The legal battle between former Total Quality Logistics (TQL) broker Jacob Patterson and the Cincinnati-based freight brokerage continues. Patterson, who left TQL in April 2021, is facing allegations from TQL that he violated his noncompete agreement twice in the past two years.

TQL filed a new lawsuit against Patterson on May 12 in Ohio’s Clermont County Court of Common Pleas. The suit claims that Patterson breached his noncompete agreement by establishing a freight brokerage called Hyperlux Logistics in January. Although Hyperlux is set to open for business in September, TQL argues that it directly competes with their operations and is seeking damages and injunctive relief.

Patterson’s brother, attorney Pete Patterson, is representing him in TQL’s lawsuits and his own suit against TQL. Pete Patterson argues that Hyperlux has not yet started conducting business operations and emphasizes that preparing to compete is not the same as actively competing.

The legal battle between Jacob Patterson and TQL began in May 2021 when TQL claimed that Patterson violated his noncompete by joining PBJ Express, an asset-based carrier in Missouri, as vice president of operations. Patterson had worked at TQL since 2007 and climbed the ranks to become a senior logistics account executive. However, he faced difficulties with work-life balance and even accepted a lower-earning position to reduce his workload. Eventually, Patterson left TQL to work for PBJ Express, which he believed was a non-competing company since it was a supplier for TQL.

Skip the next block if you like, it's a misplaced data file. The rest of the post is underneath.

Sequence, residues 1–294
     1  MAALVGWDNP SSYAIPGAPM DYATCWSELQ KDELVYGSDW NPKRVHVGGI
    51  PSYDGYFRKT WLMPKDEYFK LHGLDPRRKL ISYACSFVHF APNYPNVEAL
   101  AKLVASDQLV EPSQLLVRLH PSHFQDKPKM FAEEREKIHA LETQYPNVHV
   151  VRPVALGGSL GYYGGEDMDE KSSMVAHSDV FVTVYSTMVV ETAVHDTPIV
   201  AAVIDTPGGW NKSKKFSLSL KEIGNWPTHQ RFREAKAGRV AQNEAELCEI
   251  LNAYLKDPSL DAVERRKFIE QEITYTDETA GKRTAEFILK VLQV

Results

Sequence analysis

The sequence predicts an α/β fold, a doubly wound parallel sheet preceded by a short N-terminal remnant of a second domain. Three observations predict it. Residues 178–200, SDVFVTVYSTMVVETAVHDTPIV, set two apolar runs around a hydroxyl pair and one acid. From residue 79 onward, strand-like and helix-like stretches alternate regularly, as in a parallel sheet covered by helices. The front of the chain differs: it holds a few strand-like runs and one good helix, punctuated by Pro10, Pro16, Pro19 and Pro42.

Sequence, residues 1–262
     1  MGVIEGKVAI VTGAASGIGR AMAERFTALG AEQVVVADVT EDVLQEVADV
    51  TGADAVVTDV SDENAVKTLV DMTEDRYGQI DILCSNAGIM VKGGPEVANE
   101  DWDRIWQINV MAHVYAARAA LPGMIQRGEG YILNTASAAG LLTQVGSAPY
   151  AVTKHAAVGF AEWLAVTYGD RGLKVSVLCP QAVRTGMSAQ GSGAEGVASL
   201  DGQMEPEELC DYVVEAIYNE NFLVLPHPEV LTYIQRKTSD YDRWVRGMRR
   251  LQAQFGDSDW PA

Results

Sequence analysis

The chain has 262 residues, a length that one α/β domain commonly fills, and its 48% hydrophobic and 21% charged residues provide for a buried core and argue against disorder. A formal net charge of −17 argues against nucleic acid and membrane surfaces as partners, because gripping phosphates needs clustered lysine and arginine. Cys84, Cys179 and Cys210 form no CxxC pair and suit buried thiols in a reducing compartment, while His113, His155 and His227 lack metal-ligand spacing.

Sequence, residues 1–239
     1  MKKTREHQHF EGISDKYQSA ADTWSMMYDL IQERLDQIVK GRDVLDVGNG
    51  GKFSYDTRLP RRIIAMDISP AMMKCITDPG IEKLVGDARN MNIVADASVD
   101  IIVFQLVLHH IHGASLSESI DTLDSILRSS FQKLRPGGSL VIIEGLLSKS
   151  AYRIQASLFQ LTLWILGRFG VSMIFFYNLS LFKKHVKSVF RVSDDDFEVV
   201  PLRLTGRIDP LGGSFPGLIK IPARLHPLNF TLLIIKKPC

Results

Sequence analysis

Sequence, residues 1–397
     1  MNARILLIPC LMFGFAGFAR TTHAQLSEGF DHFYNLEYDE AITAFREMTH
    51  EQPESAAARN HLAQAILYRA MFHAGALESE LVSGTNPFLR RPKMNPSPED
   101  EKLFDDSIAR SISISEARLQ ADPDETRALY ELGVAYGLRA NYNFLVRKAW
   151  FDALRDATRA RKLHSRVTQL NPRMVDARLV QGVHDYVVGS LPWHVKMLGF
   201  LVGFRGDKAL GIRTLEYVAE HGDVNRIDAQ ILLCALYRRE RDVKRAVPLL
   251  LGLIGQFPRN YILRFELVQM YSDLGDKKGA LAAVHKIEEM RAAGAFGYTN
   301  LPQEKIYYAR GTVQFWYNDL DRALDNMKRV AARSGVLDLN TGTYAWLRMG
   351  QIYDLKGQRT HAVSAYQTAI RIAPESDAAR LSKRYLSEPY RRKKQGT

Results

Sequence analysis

TQL’s lawsuit against Patterson argues that his noncompete agreement prohibits him from working for any competing business for one year after leaving TQL. However, the lawsuit claims that the noncompete’s language is overly broad and could even prohibit Patterson from working for unrelated companies like DoorDash.

In response to TQL’s actions, Jacob Patterson filed his own lawsuit against TQL in August 2022, seeking damages and injunctive relief. The legal proceedings in this case are ongoing.

The article also mentions the push to end noncompete agreements, with the Federal Trade Commission proposing a nationwide ban and Congress introducing the Workforce Mobility Act to limit their use. Advocates argue that overbroad noncompetes negatively impact workers and stifle competition and innovation. While more than 30 million people are currently bound by noncompete agreements, there is hope that these measures will lead to a change in their prevalence.

It is unclear when the FTC’s final rule will be released, but the efforts to limit noncompetes at the federal and state levels suggest a potential shift in their usage and impact.

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